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William Rolleston : a New Zealand statesman



During the absence of Russell in England in 1898, Rolleston again found himself called on to lead the Opposition. The chief legislation of this Parliament was the Old Age Pension Act, in which Seddon took a special pride. It met with prolonged opposition, and Rolleston based his criticism on the grounds urged by Mr Joseph Chamberlain against a similar proposal in England. He considered that a non-contributory scheme based on poverty alone would not sufficiently dis-page 197criminate between the deserving and the thriftless. He preferred the scheme advocated by Sir Henry Atkinson many years before under which a universal pension scheme would be established, to which everyone would contribute during their active years of work.

Again, Rolleston's view seems to find justification after many years in the fact that a contributory scheme has been enacted in 1938 by a Labour Government.

In the same year (1898) Rolleston met with an accident by a fall from his horse. This seriously affected his health and disabled him for some time from carrying on his parliamentary work.

Rolleston to Scobie McKenzie, January 1898:

What are you doing? Dreaming much? Write and tell me what you think of things. I don't think of anything but the harvest and low prices, and nurse my woes physical and financial to my heart's content…. Russell will soon make a nice "gentlemanly" speech. 1 shall address my constituents with ponderous solemnity later on—you will dance lightly and fantastically in front of the footlights in Dunedin—but we shall none of us evoke the slightest enthusiasm. The country is generally prosperous and does not care for politics. Who is going to put their hands into their own pockets? For myself "Cantabo vacuus coram latrone" [The traveller whose pockets are empty will sing in the presence of the highway robber]. Put yourself and your bicycle into the express some morning, and come up and talk over the situation. "Si foret in terris rideret Democritus" [If Democritus were alive he would laugh].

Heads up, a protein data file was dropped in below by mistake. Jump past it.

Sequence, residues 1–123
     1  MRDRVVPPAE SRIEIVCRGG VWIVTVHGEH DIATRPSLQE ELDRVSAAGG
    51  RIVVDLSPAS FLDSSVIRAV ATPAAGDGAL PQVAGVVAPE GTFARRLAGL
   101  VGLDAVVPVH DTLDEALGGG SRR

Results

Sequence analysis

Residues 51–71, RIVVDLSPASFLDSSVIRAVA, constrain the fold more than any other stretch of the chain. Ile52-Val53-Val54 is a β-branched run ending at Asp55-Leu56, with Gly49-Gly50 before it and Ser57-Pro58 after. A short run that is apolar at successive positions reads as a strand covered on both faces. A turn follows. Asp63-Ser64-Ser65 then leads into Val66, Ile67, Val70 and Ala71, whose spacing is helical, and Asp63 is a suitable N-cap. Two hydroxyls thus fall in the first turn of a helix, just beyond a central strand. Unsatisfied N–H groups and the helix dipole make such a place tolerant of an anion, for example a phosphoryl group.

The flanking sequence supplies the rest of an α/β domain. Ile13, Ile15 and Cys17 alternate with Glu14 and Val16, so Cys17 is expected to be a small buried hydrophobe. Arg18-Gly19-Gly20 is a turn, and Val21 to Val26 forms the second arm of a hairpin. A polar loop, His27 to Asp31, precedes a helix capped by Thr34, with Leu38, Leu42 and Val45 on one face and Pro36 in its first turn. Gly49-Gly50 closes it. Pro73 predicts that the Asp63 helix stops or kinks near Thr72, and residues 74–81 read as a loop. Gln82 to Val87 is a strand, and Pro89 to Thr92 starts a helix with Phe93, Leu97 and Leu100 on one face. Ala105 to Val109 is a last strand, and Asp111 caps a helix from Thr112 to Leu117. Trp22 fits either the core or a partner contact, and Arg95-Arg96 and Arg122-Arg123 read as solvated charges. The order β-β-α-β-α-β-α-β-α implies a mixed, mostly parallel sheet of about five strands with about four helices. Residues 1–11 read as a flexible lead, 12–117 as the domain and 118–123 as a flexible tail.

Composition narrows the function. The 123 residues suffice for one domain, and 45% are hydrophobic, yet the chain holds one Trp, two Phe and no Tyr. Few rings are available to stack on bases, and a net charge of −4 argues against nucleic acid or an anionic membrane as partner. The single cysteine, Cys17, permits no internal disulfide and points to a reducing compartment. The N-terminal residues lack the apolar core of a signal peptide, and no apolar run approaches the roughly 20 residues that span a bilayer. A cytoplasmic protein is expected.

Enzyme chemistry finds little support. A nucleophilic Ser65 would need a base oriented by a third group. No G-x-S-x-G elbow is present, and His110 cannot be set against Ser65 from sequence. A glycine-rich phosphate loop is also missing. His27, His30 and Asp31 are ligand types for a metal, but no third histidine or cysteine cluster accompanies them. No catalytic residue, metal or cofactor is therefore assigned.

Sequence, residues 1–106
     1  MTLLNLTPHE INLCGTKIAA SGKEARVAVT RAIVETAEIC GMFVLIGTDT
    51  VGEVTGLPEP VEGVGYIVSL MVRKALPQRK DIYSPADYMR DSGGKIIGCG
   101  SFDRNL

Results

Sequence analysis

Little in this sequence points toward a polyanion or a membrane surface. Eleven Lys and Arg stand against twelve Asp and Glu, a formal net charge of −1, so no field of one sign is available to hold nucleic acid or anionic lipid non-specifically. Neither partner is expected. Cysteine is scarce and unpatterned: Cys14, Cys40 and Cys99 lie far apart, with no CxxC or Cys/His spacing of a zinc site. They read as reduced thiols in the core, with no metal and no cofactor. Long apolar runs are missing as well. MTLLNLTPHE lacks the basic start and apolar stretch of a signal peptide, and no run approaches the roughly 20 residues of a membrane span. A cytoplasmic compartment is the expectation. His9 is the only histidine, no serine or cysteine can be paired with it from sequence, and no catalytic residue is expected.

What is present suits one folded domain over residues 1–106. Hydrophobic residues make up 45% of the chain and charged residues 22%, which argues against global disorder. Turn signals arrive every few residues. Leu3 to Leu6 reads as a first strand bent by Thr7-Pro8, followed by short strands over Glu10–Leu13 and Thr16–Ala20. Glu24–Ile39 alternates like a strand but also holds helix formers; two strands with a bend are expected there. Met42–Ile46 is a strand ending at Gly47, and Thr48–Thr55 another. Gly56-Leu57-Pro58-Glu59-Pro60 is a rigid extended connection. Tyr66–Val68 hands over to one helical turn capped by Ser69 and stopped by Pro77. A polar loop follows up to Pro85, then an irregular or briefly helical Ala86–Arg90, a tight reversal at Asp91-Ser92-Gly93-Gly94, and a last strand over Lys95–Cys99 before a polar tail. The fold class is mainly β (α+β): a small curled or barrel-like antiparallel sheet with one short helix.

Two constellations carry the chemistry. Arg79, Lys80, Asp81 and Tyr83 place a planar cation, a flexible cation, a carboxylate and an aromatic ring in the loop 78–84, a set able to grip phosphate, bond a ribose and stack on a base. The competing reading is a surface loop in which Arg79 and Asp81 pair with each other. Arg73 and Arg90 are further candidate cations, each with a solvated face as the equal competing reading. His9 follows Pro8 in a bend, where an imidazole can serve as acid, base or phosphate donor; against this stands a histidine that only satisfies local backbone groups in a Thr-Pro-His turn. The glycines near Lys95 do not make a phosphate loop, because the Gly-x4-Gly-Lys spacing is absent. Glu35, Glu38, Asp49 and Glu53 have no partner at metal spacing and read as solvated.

It is pleasant to put on record a letter from Sir John McKenzie showing that, in spite of their political duels, McKenzie and Rolleston held each other in high personal esteem. The letter is dated 10 April 1899.

My dear Rolleston,

I can assure you it was with very great satisfaction indeed I received your kind, honest, and manly letter of 30th ultimo. I have received a great many kind letters since my proposed visit to the Old Country, but none has come to hand that has given me page 198more satisfaction than has yours, as it goes to show however we may differ in small things politically we can throw aside all small personal feeling and petty differences and unite together for the welfare of the country of our adoption. It will give me considerable pleasure to hear of your continued health and success, and I sincerely hope that you may be able to follow my example in paying a visit to your native country once more.

With very kind wishes and regards,

Yours very truly,

John McKenzie.